It is also believed that your baby may see a developmental leap, which means that he or she may learn a new skill like crawling, rolling over or smiling during this period. This may happen during a growth spurt or can come about at any other time as well.

Tips to Deal with Infant Growth Spurts

Mother consulting with doctor

Growth spurts in a baby can be exhausting for mothers as well, especially so if you are breastfeeding your baby. Hence, it may be useful to keep a few tips in mind during this phase.

  • Drink plenty of water. Your baby will necessary be draining you of your fluids. To keep your baby well-fed, you need to be replenished well.
  • Your breasts produce milk based on a demand-supply equation. If your baby is breastfeeding more, you will be producing more milk. So, it may be wise to not supplement a breastfeeding baby with formula to ensure continued supply of milk.
  • Your baby will want to feed very often and stay close to you all the time. At this point, you can consider using a sling to carry your baby around.
  • Your body will take a day or two to meet up to your baby’s feeding needs, in case you don’t produce enough milk for over a week, then it is wise to consult a doctor, as it may be due to low milk supply.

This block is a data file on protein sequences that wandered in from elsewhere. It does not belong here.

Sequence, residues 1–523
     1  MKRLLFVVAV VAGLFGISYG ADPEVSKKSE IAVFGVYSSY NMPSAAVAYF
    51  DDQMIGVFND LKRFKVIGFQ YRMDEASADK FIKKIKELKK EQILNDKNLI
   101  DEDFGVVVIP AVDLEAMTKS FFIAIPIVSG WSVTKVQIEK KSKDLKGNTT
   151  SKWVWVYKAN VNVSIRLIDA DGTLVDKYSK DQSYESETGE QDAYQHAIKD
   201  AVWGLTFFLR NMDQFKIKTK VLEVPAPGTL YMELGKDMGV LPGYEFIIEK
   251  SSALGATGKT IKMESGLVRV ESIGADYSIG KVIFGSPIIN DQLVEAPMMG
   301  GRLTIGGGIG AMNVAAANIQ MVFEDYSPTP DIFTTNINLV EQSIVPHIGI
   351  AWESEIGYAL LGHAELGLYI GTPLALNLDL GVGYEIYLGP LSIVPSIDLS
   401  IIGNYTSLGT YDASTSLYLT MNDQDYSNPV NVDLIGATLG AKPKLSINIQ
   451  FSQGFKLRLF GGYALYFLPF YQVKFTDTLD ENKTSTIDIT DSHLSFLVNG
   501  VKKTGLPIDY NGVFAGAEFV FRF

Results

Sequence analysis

• Eat and drink at regular intervals and if possible get to help you around with your chores around the house. Your body may get exhausted due to a frequent feeding pattern.

How to Tell if your Baby’s Growth is on Track?

You may want to get your hands on a baby growth chart that shows the ideal measurements for a baby at different weeks or months. The chart indicates measurements of the length, weight and the head circumference of your baby at different times during the growth.

Growth spurts can be overwhelming for mothers, but with the right care and support, you will be able to sail through this too. Also, growth spurts last for only a few days so that you can go back to your regular schedule soon enough.

Also Read: Growth Spurts in Toddlers